Really? I have always taken this to mean that ONLY fornication (as George has so defined it) would be a reason to "put aside one's wife". In other words, the only basis for a marriage ending (or being recognized as dead) is adultery.
We can think also why fornication is defined as the single reason for divorce.
In my opinion, sexual intercourse with another person signifies in the most certain or obvious way that the couple is practically already separated, it proves that they don't love each other enough to keep even this basic element of the exclusivity of their relationship.
If this reading is correct, then fornication is just a characteristic case, it shows that a marriage should be formally ended only when it is essentially ended. For example, if your spouse gets easily ungry, this doesn't prove necessarily a deep separation.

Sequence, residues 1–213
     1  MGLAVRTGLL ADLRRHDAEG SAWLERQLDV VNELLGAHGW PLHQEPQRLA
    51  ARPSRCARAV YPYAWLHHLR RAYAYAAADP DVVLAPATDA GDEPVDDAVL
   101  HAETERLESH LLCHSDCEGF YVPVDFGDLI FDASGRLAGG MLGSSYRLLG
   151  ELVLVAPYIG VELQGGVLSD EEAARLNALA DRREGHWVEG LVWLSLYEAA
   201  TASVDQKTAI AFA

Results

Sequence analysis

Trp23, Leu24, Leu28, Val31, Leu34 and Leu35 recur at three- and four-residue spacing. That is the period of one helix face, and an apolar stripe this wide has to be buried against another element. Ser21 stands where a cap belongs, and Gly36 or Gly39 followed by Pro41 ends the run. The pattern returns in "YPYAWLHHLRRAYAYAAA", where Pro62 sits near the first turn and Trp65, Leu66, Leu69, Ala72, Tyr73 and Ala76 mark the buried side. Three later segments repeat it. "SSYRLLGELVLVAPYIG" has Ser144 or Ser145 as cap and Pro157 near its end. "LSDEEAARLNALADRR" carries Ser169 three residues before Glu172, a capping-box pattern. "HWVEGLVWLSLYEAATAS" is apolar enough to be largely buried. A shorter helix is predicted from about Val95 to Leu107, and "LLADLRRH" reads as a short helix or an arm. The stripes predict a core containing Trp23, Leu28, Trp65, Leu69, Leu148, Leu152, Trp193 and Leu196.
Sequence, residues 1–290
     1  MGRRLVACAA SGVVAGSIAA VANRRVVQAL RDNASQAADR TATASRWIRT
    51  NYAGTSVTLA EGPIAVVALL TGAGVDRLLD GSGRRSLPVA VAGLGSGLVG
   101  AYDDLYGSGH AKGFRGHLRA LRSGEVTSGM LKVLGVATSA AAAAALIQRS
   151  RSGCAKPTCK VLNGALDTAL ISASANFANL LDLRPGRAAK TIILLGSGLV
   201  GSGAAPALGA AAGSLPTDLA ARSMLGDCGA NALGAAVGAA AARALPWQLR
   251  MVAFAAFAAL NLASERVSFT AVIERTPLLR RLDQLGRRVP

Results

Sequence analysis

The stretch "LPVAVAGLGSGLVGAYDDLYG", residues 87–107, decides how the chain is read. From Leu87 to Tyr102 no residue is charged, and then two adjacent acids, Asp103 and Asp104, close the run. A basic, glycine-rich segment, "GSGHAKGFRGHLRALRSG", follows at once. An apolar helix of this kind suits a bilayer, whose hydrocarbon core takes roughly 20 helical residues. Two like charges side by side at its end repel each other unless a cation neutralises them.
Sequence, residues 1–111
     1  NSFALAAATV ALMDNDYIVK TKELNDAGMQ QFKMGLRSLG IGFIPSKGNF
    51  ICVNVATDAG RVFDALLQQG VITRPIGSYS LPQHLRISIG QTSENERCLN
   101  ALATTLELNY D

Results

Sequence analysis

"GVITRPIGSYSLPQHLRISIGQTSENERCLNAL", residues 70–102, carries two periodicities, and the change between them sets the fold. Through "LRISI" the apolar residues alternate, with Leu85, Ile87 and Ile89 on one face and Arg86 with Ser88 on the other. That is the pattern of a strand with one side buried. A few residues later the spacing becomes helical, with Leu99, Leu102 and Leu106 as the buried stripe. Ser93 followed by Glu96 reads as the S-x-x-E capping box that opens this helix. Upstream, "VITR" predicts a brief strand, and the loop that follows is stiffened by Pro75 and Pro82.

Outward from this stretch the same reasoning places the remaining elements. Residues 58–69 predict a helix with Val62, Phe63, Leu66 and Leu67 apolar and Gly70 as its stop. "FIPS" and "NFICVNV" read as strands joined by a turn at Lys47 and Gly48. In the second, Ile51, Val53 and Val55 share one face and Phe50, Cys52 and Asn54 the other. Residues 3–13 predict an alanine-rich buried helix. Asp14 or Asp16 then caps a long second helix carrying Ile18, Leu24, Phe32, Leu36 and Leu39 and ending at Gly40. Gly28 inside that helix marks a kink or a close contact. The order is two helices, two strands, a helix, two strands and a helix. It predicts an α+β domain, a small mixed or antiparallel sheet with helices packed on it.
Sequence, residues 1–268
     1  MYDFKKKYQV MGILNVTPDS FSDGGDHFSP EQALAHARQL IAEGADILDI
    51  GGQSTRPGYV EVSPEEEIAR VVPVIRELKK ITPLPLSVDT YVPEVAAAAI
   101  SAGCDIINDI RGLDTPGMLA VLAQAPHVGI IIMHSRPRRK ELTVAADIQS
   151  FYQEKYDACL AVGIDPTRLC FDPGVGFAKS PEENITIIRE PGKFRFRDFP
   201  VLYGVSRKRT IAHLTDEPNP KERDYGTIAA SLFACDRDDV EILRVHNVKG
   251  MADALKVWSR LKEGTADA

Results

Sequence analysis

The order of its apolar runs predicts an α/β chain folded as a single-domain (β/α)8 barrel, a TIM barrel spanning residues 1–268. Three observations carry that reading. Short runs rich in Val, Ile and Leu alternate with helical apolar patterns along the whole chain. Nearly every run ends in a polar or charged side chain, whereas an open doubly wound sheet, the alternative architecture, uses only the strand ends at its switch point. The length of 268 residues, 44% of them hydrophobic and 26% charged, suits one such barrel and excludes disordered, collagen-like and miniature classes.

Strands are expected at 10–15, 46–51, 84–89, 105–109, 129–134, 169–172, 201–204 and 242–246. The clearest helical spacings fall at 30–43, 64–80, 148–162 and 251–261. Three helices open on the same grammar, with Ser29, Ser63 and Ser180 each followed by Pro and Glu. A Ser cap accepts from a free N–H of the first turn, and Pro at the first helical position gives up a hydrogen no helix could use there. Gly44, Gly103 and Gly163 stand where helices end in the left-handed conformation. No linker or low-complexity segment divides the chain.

I believe that we should not read the advice as if it was a court law, but to understand its spirit, to discover the whole field of references in the life of a couple that would explain their essential separation and justify it even formally. The advice means, if I understand it well, that a couple may get a divorce if at least one of them doesn't love the other, and only then.
I do not disagree, George. What I did post was my understanding of what is accepted in the venue of an Ecclesiastic Court for Permission to Remarry, which I guess by definition is a legalistic application.
Is this what happens in the US? Because in Greece, so far as I know, fornication is not the only case when the Church accepts the divorce of a couple. Practically, it is enough for (any of) them to just want a divorce, and a divorce is granted.